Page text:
Friday, April 27, 2012

Frank Wright Quartet - Blues for Albert Ayler (ESP, 2012)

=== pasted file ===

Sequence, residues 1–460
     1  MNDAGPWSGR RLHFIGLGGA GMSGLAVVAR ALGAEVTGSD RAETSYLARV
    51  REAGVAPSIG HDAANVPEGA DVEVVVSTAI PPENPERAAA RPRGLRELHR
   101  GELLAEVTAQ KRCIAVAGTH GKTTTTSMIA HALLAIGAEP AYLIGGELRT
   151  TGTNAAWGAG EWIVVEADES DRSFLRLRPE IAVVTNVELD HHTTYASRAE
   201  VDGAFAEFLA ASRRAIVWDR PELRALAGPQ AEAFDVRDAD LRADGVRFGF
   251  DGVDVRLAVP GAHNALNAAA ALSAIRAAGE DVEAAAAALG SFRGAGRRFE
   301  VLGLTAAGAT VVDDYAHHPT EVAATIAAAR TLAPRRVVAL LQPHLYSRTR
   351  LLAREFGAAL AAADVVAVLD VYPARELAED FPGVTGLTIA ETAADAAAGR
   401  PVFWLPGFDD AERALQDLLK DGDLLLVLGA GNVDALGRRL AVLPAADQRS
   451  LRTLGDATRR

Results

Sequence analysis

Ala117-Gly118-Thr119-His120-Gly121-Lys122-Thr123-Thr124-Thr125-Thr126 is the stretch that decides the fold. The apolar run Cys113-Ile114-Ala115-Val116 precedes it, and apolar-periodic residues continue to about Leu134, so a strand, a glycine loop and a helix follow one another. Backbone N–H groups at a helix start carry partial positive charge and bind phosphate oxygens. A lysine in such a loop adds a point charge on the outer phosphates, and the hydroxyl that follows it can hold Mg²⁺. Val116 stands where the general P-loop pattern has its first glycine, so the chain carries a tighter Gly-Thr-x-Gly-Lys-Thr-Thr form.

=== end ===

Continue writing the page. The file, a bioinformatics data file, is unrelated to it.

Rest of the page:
Recorded at Rashied Ali's performance space Ali's Alley during the height of the "loft jazz" era, this is really an undiscovered gem rescued from the lists of time. Saxophonist and flutist Wright and guitarist James "Blood" Ulmer had recently returned from engagements in Europe, and took part in this "welcome home" gig along with Benny Wilson on bass and Ali himself on drums. It is a high spirited and frequently thrilling affair - Wright is in top form, boisterous and free, but never spiraling out of control, on this night he was a man in his moment and the music flowed forth in great washes. The music comes The music comes in the form of a six part suite dedicated to the memory of free-jazz saxophonist Albert Ayler, whom Wright knew while growing up in Cleveland, and you really get the sense that the band was channeling Ayler's unbridled creativity, and they way in which he would begin with a basic theme and spool out extraordinary improvisations. "Part One" and "Part Three" of this continuous suite are the most enthralling with Wright sending out gales of howling saxophone and James "Blood" Ulmer, well on the way to a breakthrough of his own, showing an unusual guitar technique he developed while playing with Ornette Coleman and embracing Coleman's "harmolodic" music system. Shards of crystalline electricity and even elements of funk propel the music to ever greater heights. Benny Wilson gets a lengthy bass solo on "Part Four" before Wright enters on flute to begin the epic twenty minute plus "Part Five" where they pull out all the stops, moving from a quiet beginning through different aspects of soloing and collective improvisation. They take things really out here, but there is always the sense of knowing their destiny and the path on which they trod. By the time "Part Six" comes around they have one more chance to shine before shutting down for the evening. This is a very exciting recording and must for fans of the loft era and free jazz in general. Blues for Albert Ayler -

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